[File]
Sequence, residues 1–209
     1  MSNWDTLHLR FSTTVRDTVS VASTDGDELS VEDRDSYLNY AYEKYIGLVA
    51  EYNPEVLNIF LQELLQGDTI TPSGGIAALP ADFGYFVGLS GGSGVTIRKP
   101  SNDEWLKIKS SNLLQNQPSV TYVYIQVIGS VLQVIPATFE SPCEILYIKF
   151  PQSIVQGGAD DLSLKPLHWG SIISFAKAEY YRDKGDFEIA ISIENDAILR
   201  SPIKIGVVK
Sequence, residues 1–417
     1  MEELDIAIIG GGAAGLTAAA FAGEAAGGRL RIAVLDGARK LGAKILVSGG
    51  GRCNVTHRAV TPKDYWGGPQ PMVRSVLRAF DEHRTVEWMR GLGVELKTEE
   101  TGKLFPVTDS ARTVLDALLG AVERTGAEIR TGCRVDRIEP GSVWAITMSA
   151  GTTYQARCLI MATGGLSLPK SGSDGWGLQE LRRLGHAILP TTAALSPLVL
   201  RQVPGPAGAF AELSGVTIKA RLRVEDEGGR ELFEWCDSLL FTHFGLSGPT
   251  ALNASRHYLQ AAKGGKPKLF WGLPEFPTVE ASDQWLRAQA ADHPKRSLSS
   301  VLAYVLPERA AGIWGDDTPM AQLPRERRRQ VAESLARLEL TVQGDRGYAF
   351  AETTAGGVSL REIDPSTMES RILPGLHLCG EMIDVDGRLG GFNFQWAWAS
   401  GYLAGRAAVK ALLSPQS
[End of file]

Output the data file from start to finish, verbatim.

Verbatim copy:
Sequence, residues 1–209
     1  MSNWDTLHLR FSTTVRDTVS VASTDGDELS VEDRDSYLNY AYEKYIGLVA
    51  EYNPEVLNIF LQELLQGDTI TPSGGIAALP ADFGYFVGLS GGSGVTIRKP
   101  SNDEWLKIKS SNLLQNQPSV TYVYIQVIGS VLQVIPATFE SPCEILYIKF
   151  PQSIVQGGAD DLSLKPLHWG SIISFAKAEY YRDKGDFEIA ISIENDAILR
   201  SPIKIGVVK
Sequence, residues 1–417
     1  MEELDIAIIG GGAAGLTAAA FAGEAAGGRL RIAVLDGARK LGAKILVSGG
    51  GRCNVTHRAV TPKDYWGGPQ PMVRSVLRAF DEHRTVEWMR GLGVELKTEE
   101  TGKLFPVTDS ARTVLDALLG AVERTGAEIR TGCRVDRIEP GSVWAITMSA
   151  GTTYQARCLI MATGGLSLPK SGSDGWGLQE LRRLGHAILP TTAALSPLVL
   201  RQVPGPAGAF AELSGVTIKA RLRVEDEGGR ELFEWCDSLL FTHFGLSGPT
   251  ALNASRHYLQ AAKGGKPKLF WGLPEFPTVE ASDQWLRAQA ADHPKRSLSS
   301  VLAYVLPERA AGIWGDDTPM AQLPRERRRQ VAESLARLEL TVQGDRGYAF
   351  AETTAGGVSL REIDPSTMES RILPGLHLCG EMIDVDGRLG GFNFQWAWAS
   401  GYLAGRAAVK ALLSPQS